Say you want to create a scheduled task via Register-ScheduledTask in PowerShell. The code flow stays in your process (really your thread) and goes through a WMI provider, a COM server, which then invokes a RPC method. When this RPC method is invoked the code flow transitions from your process to wherever the RPC server is located, which in this case is schedsvc.dll which is loaded into a svchost.exe process. It’s not until after that transition that the logging functions Auditor::AuditJobOperation / AuthziLogAuditEvent are executed. You can manipulate those functions so that they don’t log properly, but you’d have to get code execution into the svchost.exe process that has the schedsvc.dll loaded. The key here is — understanding when code transitions out of your current processes context to another which is common with some WMI methods, a lot of COM methods, and almost every RPC method. More often than not the logging functions are going to be invoked at the end of the call stack which is why understanding these transitions is important.

Note: If you want to learn how to analyze this transition between PowerShell, WMI, COM and RPC check out my post: WMI Internals: Reversing a WMI Provider.


It is imperative for defenders to understand OS internals as well, if not more than offensive engineers. In my opinion defenders should understand patching, even though they aren’t running operations and performing patching all the time. That being said, there isn’t a great way to detect patching. I dabbled with an idea a while back in this tweet:

I have seen good success with this, but it isn’t a silver bullet and requires some development and fine tuning. I think it is important to keep trying to innovate new ideas like this to pick up on common offensive tradecraft. If anyone would like to discuss more strategies on this, please reach out to me.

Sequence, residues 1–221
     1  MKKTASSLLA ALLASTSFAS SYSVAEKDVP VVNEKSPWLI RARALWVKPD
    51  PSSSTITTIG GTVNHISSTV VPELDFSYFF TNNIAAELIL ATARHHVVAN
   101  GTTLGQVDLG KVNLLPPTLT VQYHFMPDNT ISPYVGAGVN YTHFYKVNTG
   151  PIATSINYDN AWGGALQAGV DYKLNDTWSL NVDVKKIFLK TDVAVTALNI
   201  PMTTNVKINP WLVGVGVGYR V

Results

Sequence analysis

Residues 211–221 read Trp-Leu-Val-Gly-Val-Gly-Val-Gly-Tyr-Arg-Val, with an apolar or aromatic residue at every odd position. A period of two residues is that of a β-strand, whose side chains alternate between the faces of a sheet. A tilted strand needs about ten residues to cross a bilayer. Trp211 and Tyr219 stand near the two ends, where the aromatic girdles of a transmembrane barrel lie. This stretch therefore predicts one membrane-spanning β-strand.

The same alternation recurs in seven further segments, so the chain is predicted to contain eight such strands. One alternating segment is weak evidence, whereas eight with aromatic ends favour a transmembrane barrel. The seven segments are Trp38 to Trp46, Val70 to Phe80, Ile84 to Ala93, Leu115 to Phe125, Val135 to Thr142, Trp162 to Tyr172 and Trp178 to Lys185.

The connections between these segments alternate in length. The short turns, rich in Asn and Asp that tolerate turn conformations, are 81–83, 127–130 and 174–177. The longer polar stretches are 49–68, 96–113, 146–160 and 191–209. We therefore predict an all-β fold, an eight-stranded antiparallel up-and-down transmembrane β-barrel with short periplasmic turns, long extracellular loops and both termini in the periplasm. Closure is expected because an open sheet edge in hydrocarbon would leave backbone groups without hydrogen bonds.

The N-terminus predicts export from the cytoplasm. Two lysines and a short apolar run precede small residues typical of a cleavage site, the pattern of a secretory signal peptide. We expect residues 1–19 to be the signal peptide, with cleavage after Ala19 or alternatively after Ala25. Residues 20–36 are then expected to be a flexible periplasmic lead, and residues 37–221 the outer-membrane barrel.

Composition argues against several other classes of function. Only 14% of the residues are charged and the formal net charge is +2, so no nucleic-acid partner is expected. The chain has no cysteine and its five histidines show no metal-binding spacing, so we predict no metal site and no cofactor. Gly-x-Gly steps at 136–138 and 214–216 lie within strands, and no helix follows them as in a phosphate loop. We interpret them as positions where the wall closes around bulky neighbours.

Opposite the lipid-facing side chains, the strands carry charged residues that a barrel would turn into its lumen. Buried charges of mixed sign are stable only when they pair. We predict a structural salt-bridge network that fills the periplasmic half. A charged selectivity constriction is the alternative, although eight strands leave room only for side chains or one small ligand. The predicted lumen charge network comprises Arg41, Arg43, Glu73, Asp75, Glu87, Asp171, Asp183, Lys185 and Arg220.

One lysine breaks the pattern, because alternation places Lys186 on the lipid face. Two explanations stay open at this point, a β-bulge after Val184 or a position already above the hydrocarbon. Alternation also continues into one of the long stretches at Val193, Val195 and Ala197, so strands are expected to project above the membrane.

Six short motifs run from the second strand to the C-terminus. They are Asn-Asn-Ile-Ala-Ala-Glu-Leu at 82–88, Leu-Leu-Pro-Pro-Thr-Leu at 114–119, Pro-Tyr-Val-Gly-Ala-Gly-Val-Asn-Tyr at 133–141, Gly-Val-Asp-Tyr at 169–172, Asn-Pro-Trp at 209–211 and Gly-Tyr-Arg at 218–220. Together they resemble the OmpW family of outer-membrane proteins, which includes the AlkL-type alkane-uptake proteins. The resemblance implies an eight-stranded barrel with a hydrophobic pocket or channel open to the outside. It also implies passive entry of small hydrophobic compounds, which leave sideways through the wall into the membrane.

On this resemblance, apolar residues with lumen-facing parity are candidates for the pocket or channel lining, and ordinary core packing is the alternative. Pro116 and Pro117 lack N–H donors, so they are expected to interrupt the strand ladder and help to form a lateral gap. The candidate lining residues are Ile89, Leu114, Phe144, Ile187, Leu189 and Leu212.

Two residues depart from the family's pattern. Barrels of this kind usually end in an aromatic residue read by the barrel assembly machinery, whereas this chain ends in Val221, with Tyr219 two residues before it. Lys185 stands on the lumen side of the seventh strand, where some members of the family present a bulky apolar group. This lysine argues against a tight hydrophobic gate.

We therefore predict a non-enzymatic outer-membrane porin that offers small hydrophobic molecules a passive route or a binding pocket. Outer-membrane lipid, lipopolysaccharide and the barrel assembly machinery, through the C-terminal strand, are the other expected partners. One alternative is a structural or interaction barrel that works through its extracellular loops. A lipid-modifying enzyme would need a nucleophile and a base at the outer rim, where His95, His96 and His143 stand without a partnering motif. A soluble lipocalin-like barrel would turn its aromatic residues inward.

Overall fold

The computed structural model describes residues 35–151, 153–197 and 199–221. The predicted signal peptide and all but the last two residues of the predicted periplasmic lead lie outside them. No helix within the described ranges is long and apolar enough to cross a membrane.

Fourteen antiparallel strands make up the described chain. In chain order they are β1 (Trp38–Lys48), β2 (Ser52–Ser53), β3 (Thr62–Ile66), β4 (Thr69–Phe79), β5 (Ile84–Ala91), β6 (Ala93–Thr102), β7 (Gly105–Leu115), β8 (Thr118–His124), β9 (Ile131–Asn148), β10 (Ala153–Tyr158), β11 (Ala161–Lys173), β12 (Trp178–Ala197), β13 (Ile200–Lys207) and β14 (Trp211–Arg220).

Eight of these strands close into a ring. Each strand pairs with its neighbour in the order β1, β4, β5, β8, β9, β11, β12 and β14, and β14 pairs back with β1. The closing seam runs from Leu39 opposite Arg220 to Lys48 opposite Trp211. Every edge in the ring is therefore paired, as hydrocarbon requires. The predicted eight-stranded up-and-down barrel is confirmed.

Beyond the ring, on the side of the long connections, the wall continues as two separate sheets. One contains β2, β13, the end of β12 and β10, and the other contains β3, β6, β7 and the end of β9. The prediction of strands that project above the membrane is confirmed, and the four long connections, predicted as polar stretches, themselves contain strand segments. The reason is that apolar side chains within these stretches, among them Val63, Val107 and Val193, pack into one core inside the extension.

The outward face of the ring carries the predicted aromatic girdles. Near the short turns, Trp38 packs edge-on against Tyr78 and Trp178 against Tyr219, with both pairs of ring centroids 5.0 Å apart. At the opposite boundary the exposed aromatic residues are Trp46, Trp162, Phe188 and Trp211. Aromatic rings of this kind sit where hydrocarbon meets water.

Also, keep in mind when creating detections which providers are likely to get patched vs. not. I always suggest that when people dive into telemetry that can be used for a detection to try to find something where the ETW provider isn’t writing events from the source process so that you don’t have to worry as much about patching. An example — although the DotNet ETW provider is a good telemetry source for seeing malicious .NET assemblies being loaded, I personally wouldn’t have high confidence in using it as a primary data source for a detection. I would still use it, but I would try to look for another telemetry source to help me pick up on the activity I am interested in. That way if it fires — great, that is an easy win. If it doesn’t, I am still covered detection wise.


I wanted to write a blog discussing how ETW patching is really just function patching and explain the basics behind that. It is imperative for defenders and offensive engineers to understand the foundations behind offensive capabilities. ETW patching is something that is used quite a lot (I’ve seen it in more red team tools than in-the-wild malware). Due to the large number of tools out there, I didn’t see a reason to release any proof-of-concepts. I will link valuable resources below. Please let me know if people would be interested in a write-up on how to find the virtual address offset of functions for manual patching. I hope this was helpful for some!




Jonathan Johnson

Principal Security Engineer @Prelude | Windows Internals